CampEdit

 
Allied prisoners of war in Bulgaria.

The Sliven prisoner-of-war camp was established in 1915 with the intent of housing captured Serbian troops. Starting from 1916, its population was bolstered with Serbian civilians who were held in mixed groups with the military personnel. At its peak 19,000 prisoners were assigned to Sliven, being the biggest P.O.W. camp in Bulgaria. However 1,800 at most resided within the camp, the rest being house near their place of employment.[11] At the same time the camp was transformed into a punitive institution. In July 1917, it began receiving Greek civilians from the occupied Western Thrace region, the Greeks were treated the same way as the Serbs. A parallel influx of Serbian civilians from Morava necessitated the construction of a lesser camp, numbering 28 barracks. Each barrack held 80 to 100 internees while its intended capacity was 20. The prisoners slept on the floor, it did not contain bed, hay or blankets or windows. The faulty construction meant that water often leaked in. The barrack had no toilets and sanitation and disinfection were rare, prisoners still defecated within them as those who attempted to venture outside the barracks during the night were shot or beaten. The prisoners held there were fed 300 to 800 grams of black bread per day, a pepper soup three times per week and meat once per week. The prisoners grew increasingly hungry eating grass and stealing hay from the cattle. The internees were held without clothes, shoes or underwear. On average only 20 people per barrack survived until the end of the war. Between August and December 1917, 2,709 deaths were recorded of them 1,490 were from malnutrition. [12]

In the winter of 1917, the camp was struck by an epidemic of typhus. In January 1918, a quarantine was put in place by the three prisoner of war doctors practicing at the camp. Of the 5,036 prisoner, 1,548 were declared unfit for work, 314 were sick, 2,379 were working outside the camp and 623 were held as regular prisoners. An inspection by major general Mitiev in the same month led to the enactment of a 21 day incubation period in barracks where a sick prisoner was found. From then on the healthy prisoners were separated from the sick by an armed guard. Mitiev's inspection also uncovered the deaths of 99 and 66 prisoners in December 1917 and January 1918 at the camp's Yambol depot. The depot's commander second lieutenant Hristozov had not filled the necessary forms properly and claimed to be oblivious to the cause of the deaths, while having taken no precautionary measures against the epidemic. When threatened with a court-martial Hristozov emphatically dismissed the warning.[13] A post war Inter–Allied War Commission estimated that 4,142 Serbian nationals died in the camp and 2,000 more died while performing hard labor outside its limits. [14] On 21 May 1921, Sliven's local council lamented the condition of the camp's graveyard, which held the remains of Serbian prisoners of war and interned civilians.[15]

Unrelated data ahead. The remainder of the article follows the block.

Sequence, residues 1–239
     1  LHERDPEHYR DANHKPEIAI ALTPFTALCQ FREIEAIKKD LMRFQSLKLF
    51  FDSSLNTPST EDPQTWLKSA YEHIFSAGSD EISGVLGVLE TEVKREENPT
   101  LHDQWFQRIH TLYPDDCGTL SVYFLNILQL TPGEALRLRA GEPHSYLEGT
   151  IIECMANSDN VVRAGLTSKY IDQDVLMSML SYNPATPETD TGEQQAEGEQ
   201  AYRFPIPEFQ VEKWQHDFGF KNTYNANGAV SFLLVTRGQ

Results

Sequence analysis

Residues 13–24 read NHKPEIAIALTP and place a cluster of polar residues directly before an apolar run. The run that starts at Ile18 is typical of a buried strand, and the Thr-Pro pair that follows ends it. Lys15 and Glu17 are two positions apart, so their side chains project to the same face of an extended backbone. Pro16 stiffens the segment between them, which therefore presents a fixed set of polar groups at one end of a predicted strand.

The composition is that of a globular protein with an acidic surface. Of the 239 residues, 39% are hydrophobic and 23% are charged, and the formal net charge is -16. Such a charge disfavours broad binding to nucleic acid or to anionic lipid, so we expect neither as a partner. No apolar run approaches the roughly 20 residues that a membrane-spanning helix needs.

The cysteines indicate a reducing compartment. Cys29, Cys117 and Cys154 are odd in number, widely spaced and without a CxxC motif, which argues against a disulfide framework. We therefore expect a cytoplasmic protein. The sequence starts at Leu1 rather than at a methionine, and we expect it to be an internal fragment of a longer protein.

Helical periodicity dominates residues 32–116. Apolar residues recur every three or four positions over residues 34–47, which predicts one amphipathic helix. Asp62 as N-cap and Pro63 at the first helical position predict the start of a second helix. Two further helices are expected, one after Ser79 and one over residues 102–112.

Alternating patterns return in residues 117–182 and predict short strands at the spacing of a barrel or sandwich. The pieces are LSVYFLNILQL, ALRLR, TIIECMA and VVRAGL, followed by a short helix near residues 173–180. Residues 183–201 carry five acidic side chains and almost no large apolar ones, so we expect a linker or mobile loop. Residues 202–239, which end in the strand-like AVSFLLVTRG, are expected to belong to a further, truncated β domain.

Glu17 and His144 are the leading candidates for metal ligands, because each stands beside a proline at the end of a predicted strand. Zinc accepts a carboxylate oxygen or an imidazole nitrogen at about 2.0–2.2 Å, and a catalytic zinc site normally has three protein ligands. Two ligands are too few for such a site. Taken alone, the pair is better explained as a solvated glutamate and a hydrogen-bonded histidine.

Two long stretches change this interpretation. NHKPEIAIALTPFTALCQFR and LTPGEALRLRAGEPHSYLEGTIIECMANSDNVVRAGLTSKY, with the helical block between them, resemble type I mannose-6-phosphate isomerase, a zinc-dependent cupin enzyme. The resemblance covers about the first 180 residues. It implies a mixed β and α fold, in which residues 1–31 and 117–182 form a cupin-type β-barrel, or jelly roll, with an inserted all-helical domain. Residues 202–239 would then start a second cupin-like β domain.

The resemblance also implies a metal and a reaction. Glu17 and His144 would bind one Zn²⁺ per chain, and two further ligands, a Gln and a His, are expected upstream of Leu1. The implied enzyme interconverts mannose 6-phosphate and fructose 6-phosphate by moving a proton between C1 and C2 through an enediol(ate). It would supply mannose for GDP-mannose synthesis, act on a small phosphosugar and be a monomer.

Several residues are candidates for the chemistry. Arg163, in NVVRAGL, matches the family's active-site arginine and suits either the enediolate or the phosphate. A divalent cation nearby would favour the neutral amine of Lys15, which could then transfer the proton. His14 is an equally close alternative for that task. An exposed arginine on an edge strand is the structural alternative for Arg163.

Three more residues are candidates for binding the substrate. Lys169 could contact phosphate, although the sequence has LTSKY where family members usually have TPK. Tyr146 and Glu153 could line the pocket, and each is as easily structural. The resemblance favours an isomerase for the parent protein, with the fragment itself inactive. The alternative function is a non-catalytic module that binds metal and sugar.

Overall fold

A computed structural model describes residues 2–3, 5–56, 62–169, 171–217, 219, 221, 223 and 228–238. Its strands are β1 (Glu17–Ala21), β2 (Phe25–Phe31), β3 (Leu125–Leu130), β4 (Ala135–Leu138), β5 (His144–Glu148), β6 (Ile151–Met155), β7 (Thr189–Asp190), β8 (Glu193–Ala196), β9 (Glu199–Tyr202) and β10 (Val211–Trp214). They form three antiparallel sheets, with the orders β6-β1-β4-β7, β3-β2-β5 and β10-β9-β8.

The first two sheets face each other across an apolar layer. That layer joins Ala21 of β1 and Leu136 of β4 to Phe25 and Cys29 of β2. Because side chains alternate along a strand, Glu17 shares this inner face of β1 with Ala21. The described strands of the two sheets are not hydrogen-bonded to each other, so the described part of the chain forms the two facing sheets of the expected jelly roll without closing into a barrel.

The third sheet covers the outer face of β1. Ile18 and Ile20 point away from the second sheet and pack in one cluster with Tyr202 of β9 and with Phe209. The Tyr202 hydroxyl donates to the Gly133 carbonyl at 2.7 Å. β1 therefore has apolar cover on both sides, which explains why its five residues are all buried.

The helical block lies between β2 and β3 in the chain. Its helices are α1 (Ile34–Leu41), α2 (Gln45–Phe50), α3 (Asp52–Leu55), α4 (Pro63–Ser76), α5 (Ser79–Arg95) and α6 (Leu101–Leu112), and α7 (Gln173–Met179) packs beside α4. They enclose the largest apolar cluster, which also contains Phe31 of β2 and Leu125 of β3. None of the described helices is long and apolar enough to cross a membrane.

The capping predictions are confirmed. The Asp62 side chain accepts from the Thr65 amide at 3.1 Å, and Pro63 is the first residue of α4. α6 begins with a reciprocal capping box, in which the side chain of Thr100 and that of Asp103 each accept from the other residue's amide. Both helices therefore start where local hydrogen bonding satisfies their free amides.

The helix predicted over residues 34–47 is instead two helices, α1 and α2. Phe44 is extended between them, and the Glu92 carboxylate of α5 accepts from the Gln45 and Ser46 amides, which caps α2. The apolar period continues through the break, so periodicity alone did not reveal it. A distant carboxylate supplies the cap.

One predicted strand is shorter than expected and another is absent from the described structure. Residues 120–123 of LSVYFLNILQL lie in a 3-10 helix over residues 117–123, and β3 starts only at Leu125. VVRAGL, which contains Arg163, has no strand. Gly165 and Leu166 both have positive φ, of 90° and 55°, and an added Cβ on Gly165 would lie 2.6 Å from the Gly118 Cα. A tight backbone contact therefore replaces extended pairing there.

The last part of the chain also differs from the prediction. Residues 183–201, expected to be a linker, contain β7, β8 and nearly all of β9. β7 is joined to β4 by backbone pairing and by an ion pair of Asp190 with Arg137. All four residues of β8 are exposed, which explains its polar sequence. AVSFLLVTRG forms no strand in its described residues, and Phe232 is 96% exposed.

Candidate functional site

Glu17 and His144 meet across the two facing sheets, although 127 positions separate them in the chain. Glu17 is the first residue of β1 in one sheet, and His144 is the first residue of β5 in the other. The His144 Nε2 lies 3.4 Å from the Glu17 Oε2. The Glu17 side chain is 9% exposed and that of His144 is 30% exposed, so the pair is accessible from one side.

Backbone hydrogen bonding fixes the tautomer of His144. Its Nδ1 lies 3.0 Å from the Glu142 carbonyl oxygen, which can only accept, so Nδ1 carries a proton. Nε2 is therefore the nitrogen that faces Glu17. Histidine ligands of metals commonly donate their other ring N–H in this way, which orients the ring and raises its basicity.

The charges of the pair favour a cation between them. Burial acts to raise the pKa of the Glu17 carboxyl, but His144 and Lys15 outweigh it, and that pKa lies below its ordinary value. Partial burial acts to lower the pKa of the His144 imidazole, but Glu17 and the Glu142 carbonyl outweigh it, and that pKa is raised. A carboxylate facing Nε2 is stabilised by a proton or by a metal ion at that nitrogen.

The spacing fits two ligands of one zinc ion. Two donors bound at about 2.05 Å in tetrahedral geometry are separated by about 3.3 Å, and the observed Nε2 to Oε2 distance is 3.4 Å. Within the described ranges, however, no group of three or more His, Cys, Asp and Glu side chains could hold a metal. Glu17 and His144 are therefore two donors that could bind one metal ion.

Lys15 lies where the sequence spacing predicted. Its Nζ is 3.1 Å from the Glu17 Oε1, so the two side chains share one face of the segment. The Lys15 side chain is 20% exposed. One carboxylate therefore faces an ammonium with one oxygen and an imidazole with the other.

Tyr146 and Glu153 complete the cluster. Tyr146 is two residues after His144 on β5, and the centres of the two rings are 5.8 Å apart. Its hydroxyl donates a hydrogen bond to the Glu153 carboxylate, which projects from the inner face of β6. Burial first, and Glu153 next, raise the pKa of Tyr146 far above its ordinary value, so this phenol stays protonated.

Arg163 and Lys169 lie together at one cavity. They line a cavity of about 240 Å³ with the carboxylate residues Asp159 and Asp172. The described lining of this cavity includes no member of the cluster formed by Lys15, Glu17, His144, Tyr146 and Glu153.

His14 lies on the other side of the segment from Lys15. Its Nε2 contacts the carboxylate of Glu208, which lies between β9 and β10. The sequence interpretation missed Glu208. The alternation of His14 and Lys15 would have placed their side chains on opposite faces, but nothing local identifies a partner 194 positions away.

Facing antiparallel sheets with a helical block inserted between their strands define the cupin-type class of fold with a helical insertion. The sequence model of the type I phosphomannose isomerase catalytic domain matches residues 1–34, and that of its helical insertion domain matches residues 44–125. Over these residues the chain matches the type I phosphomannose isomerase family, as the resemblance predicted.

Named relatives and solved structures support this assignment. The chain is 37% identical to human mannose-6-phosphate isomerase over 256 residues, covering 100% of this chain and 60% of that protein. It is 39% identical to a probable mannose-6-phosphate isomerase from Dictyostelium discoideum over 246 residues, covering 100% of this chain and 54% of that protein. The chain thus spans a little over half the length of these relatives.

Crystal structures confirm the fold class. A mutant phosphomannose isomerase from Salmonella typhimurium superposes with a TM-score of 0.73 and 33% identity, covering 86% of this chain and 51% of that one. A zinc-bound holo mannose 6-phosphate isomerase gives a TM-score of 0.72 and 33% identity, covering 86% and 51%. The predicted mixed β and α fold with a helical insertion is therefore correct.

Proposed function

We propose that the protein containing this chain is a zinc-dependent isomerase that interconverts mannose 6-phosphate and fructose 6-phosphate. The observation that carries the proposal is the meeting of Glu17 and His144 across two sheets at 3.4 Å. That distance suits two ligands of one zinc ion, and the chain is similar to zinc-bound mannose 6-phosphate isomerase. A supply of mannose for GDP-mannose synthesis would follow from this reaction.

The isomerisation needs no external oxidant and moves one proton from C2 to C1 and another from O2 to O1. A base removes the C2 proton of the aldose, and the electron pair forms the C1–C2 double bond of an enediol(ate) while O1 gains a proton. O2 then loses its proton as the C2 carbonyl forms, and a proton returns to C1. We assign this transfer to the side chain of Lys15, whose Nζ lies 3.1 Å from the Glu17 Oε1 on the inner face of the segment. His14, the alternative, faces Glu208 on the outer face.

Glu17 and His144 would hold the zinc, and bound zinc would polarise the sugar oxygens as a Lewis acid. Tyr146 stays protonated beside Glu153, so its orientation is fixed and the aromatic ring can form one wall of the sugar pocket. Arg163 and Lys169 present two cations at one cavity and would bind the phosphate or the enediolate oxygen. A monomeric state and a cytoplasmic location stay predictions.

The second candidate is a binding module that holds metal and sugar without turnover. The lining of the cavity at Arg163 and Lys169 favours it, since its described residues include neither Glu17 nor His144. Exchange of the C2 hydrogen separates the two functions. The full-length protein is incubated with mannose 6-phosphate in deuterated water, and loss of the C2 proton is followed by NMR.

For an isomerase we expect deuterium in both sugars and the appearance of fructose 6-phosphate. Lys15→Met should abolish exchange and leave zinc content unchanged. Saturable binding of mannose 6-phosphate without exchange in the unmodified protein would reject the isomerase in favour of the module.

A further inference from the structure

AftermathEdit

The Paris Peace Conference, 1919, separated war crimes into 32 specific classes, forming the basis for the future persecution of war criminals identified in previous national and inter–allied commissions. However the question was subsequently forsaken and the responsibility for the trials fell upon the national courts of the Central Powers. A post war Inter–Allied War Commission investigated allegations levelled against Bulgaria, concluding that Bulgarian occupational authorities in Serbia and Greece had breached every single article of the Hague Conventions of 1899 and 1907. The kingdom of Serbia presented a list of 500 Bulgarians it suspected of war crimes, based on the commission's findings. Bulgaria's official response to the enquiry stated that 3 people were arrested and 2 executed for their involvement in various violations of the rules of war. This was later proved to be false, none of the accused were ever convicted of their crimes.[16]

FootnotesEdit

  1. ^ Albertini 1953, p. 36.
  2. ^ Fischer 1967, p. 73.
  3. ^ Christopoulos & Bastias 1977, pp. 215–254.
  4. ^ Willmott 2003, pp. 11–15.
  5. ^ Pissari 2013, pp. 366–372.
  6. ^ Falls 1933, pp. 1–22.
  7. ^ Falls 1933, pp. 22–50.
  8. ^ Falls 1933, pp. 152–184, 208–230, 348–362.
  9. ^ Falls 1935, pp. 246–253.
  10. ^ Tripos 2012, pp. 7–11.
  11. ^ Tripos 2012, pp. 15.
  12. ^ Pissari 2013, pp. 382–383.
  13. ^ Tripos 2012, pp. 32–34.
  14. ^ Pissari 2013, pp. 383–385.
  15. ^ Tripos 2012, p. 58.
  16. ^ Pissari 2013, pp. 363–364.

ReferencesEdit

  • Albertini, Luigi (1953). Origins of the War of 1914. Vol. II. Oxford: Oxford University Press. OCLC 168712.
  • Christopoulos, Georgios; Bastias, Ioannis (1977). Ιστορία του Ελληνικού Εθνους: Νεώτερος Ελληνισμός απο το 1881 ως 1913 [History of the Greek Nation: Modern Greece from 1881 until 1913] (in Greek). Vol. XIV. Athens: Ekdotiki Athinon.
  • Falls, C. (1996) [1933]. Military Operations Macedonia: From the Outbreak of War to the Spring of 1917. History of the Great War Based on Official Documents by Direction of the Historical Section of the Committee of Imperial Defence. Vol. I (Imperial War Museum and Battery Press ed.). London: HMSO. ISBN 0-89839-242-X.
  • Fischer, Fritz (1967). Germany's Aims in the First World War. New York: W. W. Norton. ISBN 978-0-393-09798-6.
  • Falls, Cyril (1996) [1935]. Military Operations Macedonia: From the Spring of 1917 to the End of the War. History of the Great War Based on Official Documents by Direction of the Historical Section of the Committee of Imperial Defence. Vol. II (Imperial War Museum and Battery Press ed.). Nashville, TN: HMSO. ISBN 0-89839-243-8.
  • Pissari, Milovan (2013). "Bulgarian Crimes against Civilians in Occupied Serbia during the First World War" (PDF). Balcanica. Institute for Balkan Studies (44): 357–390. doi:10.2298/BALC1344357P. Retrieved 8 May 2016.
  • Willmott, H. P. (2003). World War I. New York: Dorling Kindersley. ISBN 0-7894-9627-5. OCLC 52541937.
  • Tripos (2012). "Prisoners of War in Bulgaria during the First World War" (PDF). University of Cambridge Tripos. University of Cambridge: 1–83. Retrieved 8 May 2017.